It seems “special education” in regular education setting is taken to mean more common mental health disorders. We could not find any school with students that had severe or multiple disabilities, and not because they don’t exist. The state maintains seven schools that provide comprehensive education to students with hearing, visual, physical, or “other” impairments. Yet only 2 percent of students are included in this population. There are separate standards for students needing special education services, but those are limited to students with an "administrative final act" declaring the need for services. In general, Finland aims to meet the needs of all students in the classroom and only turns to special services when needs are severe. 

    Gender Bias

    A hot topic in the United States lately is our treatment of gender. I read a post recently discussing how wonderful it was that in Finland they don’t delineate between genders and how open and accepting that makes their teachers. The truth? Finnish language doesn’t have a gender pronoun for females and males. There is no “she” or “he” to differentiate. This isn’t some proactive consideration meant to foster being comfortable with oneself, it is simply the language. I saw blue clothing for boys, and pink dresses for girls. I saw sports equipment, dinosaurs, and cars for boys and pink ponies and dollies for girls. Are they more progressive and understanding than our culture? Maybe and maybe not, but the idea that their educators are so advanced as to not use gender pronouns is false.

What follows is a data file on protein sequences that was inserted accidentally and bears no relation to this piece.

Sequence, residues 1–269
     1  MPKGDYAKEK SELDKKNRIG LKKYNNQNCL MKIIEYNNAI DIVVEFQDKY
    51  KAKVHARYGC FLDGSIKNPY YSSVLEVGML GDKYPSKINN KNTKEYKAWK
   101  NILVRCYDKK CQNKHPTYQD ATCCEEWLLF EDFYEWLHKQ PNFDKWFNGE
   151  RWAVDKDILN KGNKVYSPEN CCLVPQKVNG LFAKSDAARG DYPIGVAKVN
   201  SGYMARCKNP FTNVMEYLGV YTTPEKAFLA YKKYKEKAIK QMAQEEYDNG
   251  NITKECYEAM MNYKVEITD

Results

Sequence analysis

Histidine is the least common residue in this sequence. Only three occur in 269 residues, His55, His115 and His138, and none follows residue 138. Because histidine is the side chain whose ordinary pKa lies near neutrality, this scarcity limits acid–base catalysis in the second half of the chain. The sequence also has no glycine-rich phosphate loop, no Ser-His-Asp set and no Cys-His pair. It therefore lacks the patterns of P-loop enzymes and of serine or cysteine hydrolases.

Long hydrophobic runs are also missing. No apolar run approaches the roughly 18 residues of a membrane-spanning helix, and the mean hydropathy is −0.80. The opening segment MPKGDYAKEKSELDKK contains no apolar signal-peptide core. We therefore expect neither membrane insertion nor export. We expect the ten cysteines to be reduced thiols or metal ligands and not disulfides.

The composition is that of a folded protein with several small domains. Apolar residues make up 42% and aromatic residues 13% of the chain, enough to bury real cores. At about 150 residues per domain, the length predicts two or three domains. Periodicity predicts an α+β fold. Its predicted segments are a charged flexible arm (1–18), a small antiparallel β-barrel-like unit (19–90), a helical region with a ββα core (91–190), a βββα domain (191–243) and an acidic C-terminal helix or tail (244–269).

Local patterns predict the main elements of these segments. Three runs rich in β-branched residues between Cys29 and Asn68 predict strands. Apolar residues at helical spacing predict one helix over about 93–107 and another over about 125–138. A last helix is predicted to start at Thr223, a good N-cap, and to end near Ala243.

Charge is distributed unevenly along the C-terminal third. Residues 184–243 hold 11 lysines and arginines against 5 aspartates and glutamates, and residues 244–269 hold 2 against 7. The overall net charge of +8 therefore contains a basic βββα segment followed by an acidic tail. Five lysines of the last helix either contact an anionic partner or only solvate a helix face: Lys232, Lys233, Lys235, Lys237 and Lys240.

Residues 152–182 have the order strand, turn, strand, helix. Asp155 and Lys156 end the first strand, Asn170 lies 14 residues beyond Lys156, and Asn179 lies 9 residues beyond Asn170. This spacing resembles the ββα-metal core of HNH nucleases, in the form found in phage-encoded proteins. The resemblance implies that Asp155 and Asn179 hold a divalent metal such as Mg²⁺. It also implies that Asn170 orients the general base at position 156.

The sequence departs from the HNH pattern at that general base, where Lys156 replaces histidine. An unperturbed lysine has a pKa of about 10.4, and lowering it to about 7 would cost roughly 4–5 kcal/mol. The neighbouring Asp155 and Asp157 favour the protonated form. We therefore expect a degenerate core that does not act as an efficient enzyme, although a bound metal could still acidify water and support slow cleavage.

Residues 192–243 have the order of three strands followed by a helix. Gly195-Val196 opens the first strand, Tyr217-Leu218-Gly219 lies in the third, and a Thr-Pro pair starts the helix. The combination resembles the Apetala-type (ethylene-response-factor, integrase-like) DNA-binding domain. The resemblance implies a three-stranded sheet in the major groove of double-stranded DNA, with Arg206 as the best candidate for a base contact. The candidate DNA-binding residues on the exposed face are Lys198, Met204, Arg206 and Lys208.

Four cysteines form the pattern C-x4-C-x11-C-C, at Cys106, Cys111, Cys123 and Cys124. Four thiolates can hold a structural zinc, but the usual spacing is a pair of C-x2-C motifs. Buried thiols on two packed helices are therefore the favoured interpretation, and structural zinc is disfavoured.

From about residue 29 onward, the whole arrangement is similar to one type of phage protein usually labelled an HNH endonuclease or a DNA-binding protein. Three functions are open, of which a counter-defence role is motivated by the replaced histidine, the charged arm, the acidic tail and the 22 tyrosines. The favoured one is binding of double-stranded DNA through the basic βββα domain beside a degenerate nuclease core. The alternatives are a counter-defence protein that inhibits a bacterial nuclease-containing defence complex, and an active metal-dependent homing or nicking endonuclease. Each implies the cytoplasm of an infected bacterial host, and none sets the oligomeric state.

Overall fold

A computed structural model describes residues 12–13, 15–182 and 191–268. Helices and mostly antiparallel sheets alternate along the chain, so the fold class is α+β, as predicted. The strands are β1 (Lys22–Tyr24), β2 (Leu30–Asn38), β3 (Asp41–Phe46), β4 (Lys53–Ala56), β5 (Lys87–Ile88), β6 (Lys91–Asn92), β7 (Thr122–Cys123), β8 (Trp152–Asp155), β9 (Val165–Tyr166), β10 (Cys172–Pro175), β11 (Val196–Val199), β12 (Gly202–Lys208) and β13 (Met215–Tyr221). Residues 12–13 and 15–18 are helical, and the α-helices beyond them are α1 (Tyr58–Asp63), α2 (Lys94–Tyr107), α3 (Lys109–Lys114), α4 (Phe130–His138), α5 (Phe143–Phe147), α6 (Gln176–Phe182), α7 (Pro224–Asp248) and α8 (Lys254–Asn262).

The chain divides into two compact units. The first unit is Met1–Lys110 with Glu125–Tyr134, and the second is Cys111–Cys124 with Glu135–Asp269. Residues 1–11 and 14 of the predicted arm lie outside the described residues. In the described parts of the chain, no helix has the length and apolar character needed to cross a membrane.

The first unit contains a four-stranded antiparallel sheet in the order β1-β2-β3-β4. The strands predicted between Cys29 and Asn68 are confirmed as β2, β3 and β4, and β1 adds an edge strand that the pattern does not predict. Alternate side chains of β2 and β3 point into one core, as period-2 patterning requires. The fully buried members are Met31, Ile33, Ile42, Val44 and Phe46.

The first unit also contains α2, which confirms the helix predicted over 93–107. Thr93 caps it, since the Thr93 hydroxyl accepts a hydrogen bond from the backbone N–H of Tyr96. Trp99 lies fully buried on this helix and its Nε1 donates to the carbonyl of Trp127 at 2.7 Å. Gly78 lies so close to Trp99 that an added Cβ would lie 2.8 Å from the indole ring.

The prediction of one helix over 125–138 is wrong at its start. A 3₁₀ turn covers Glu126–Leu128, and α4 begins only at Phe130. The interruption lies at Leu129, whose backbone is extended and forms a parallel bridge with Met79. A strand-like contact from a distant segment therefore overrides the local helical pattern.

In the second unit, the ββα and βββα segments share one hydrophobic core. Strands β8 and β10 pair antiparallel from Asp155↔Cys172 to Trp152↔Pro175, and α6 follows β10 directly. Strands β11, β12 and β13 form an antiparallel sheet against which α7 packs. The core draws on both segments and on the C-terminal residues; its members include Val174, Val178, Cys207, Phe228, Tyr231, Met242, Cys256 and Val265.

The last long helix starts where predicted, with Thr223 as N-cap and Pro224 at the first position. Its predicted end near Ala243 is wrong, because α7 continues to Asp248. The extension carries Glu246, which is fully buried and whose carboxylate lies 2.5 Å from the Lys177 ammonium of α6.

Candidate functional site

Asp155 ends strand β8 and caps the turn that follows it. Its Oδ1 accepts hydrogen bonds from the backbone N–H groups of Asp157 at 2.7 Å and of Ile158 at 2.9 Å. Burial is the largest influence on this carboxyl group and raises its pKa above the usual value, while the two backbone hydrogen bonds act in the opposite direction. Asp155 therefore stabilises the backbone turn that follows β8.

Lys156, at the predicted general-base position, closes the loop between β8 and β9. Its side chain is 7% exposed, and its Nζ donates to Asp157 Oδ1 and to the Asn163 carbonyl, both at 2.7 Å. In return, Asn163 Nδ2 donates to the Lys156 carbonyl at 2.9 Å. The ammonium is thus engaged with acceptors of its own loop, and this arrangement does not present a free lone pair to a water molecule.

Other differences abound in the Finnish system. They have a culture of trust, which leads to less pushback on initiatives because the belief is whoever made the change is working in the best interest of students. And while all citizens, not just teachers, are respected for their roles in society, several teachers pointed out how more parents are placing the blame on them, instead of holding students accountable — an issue bemoaned by many U.S. educators. Teacher education programs have a low rate of acceptance and require a master’s degree to be a teacher, yet clinical experience time is shorter.

    What do they think of us? The theme again and again was that Finish educators and students value our ability to confidently speak our minds. We sat with a group of eighth graders and asked what they thought of our schools. Beyond what they recognized as made-for-TV stereotypes, they said our students are willing to take ownership and pride in their ideas. They don’t shy away from sharing their views and are willing to debate and discuss points. Our students have a confidence that students and teachers in Finland want to develop.

    I found Finland to be a beautiful country filled with friendly people willing to reach out to the world. At the end of the day, we fight many of the same battles and issues that plague education the world over. We heard again and again “We are only a country of five million, we have to reach out to the world.” We should definitely be reaching back.